Sandburg's Hometown

April 8, 2013


Grocery Stores and Sample Rooms

By Barbara Schock

 During the 1880s Galesburg had 22 grocery stores and 15 sample rooms (also known as saloons). Before 1850, sample rooms were public places where the public could literally taste the alcoholic stock for sale. (Today, restaurants in large cities are again offering sample menus of food to customers.) A few years later the term saloon began to appear in common usage for an establishment that served beer and liquor by the drink. After prohibition ended in 1933, the saloon word disappeared and the businesses selling alcoholic beverages became known as taverns or cocktail lounges

  Most of the grocery stores were located on Main Street east of the Public Square. The grocery businesses of the day were mostly single store fronts selling a variety of fresh, dried and canned goods. Only four were to be found in the neighborhoods south of Main Street. There were other stores which specialized in the sale of fresh meat.

 There were no groceries located north of Main Street. The residents living on Galesburg’s northern streets had their groceries delivered and hired their own cooks to prepare meals.

 Many of the vendors of alcoholic beverages were located on Prairie Street in the first block south of Main Street and on the Public Square. There were several wholesale liquor dealers: Charles Breckwald and Company on the south side of the Public Square; Frohlich, Gardt and Company at 7-11 Boone’s Avenue and S.G. Hoffheimer at 17 South Prairie. Many of the men involved in the brewing business had emigrated from Germany. They were familiar with the process of brewing and drinking beer was a common custom in families in that country.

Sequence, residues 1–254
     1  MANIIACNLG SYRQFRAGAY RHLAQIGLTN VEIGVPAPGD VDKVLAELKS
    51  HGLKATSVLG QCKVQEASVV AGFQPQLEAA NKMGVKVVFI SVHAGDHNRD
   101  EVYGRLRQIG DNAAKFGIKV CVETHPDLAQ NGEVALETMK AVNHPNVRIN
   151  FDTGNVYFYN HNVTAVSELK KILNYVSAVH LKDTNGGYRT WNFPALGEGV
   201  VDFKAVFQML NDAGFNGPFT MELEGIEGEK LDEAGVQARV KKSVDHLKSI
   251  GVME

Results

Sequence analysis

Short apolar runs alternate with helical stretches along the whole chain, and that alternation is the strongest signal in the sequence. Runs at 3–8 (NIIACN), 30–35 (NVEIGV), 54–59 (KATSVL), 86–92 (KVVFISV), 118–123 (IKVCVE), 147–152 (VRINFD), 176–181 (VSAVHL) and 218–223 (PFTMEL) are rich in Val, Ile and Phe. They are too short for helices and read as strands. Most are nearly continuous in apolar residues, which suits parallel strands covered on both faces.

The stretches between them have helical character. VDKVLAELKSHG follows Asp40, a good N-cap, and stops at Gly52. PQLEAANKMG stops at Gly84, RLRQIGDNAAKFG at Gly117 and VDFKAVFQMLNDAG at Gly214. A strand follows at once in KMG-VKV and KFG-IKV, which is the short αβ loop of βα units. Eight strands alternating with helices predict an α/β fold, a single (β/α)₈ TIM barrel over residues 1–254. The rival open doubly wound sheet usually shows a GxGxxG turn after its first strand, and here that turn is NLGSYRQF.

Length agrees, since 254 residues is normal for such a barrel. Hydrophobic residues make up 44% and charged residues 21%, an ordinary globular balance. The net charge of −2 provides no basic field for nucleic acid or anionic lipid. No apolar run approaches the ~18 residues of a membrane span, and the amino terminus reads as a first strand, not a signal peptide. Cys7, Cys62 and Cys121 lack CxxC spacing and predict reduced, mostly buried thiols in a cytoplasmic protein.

Druggists also sold liquor upon a doctor’s prescription. As a lad, Carl Sandburg worked for Harvey M. Craig’s drugstore. He had a key to open the store early in the morning. He swept the floors, cleaned the glass display cases and filled bottles for the pharmacist. Large carboys of acids and turpentine, as well as barrels and casks of brandy, rum and fortified wines were kept in the basement. Carl was responsible for filling smaller containers for sale upstairs in the drugstore. He did sample some of the merchandise. Some he liked and decided he must stay away from them–he didn’t quite know what they would do to him if he drank too much. The thirty-year-old rum was especially smooth and good.

Carl’s father, August Sandburg didn’t spend much money on liquor of any kind. He worked too hard for his money to throw it away by that method. The elder Sandburg was always afraid his family might suffer from want. He would do anything in his power to avoid that kind of circumstance. He was a disciplined and frugal man.

With the coming of winter, August would buy a pint of grain alcohol from one of the druggists in the city. He added a teaspoon of it to a cup of hot black coffee and sipped it slowly with much smacking of his lips. Perhaps it warmed him after a long day of wielding a sledgehammer. He would make the pint last all winter.

Of course, there were other ways of imbibing alcohol–patent medicines. They were widely advertised and relatively inexpensive. A small amount could make a person feel ever so much better.

Respectable women didn’t go into saloons, but they could purchase a bottle of Hostetter’s Bitters or Lydia Pinkham’s Vegetable Compound to sooth their nerves. Pinkham’s contained pleurisy root, fenugreek, unicorn root, black cohash and 18 percent alcohol. Hostetter’s was even more potent. Mrs. Pinkham began advertising the remedy nationally in 1875. It was sold as a product for the particular complaints of women. Alcohol does relieve muscular stress, acts as a mild pain killer and may affect an individual’s mood.


Sandburg's Hometown
Date Title
April 8, 2013 Grocery Stores and Sample Rooms
April 1, 2013  A Hearty  Breakfast 
March 25, 2013  The Lost Wallpaper Legend 
March 18, 2013 Martin G. Sandburg
March 4, 2013 The Edison Talking Machine
February 25, 2013 Joe Elser, Civil War Veteran
February 18, 2013 Remember the Maine...
February 11, 2013 Lincoln's Birthday
February 4, 2013 Curiosity